Boxer dog with underbite
Depending on the breed, your dog may have an underbite, overbite or a level bite.


Depending on the breed of dog, the teeth come together in two different ways. The scissors bite, with the teeth of top jaw closing in front of those of the other jaw, occurs in dogs with long, narrow muzzles such as Dobermans, Greyhounds, and Collies. Breeds with short, wide muzzles such as Bulldogs, Pugs, and Boxers tend to have a reverse scissors bite, with the lower incisors in front of the upper when the dog’s mouth is closed, often called an underbite or an undershot jaw. The breed standard for each breed will tell you which type of bite your dog should have. In some breeds, it is acceptable to have a level bite, where the incisors meet tip-to-tip. However, this can cause the teeth to wear down more quickly than they should.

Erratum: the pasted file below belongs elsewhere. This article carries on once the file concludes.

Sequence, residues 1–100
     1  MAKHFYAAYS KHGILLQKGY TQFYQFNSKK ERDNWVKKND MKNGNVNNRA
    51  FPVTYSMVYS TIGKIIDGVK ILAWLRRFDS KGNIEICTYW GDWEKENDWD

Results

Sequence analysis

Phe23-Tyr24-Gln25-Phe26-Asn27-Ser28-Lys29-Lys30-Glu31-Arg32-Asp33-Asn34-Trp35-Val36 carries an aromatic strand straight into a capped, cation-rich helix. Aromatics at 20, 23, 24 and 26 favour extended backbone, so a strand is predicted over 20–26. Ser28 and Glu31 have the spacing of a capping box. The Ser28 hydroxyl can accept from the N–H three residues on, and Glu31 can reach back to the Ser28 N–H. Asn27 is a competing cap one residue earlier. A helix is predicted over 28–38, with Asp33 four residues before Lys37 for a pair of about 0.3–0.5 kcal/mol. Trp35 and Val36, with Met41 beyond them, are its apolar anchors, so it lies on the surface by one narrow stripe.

Using teeth to estimate age

For dogs under the age of six, you can often judge the age of the dog by the condition and number of his teeth. Puppies have just 23 baby teeth, which are replaced by the 42 permanent teeth over the course of puppyhood. Starting at the age of one year, the incisors begin to wear down, beginning with the teeth in the very front of the mouth, with the wear and tear working their way back through the incisors.

Plaque, Tartar, and Gingivitis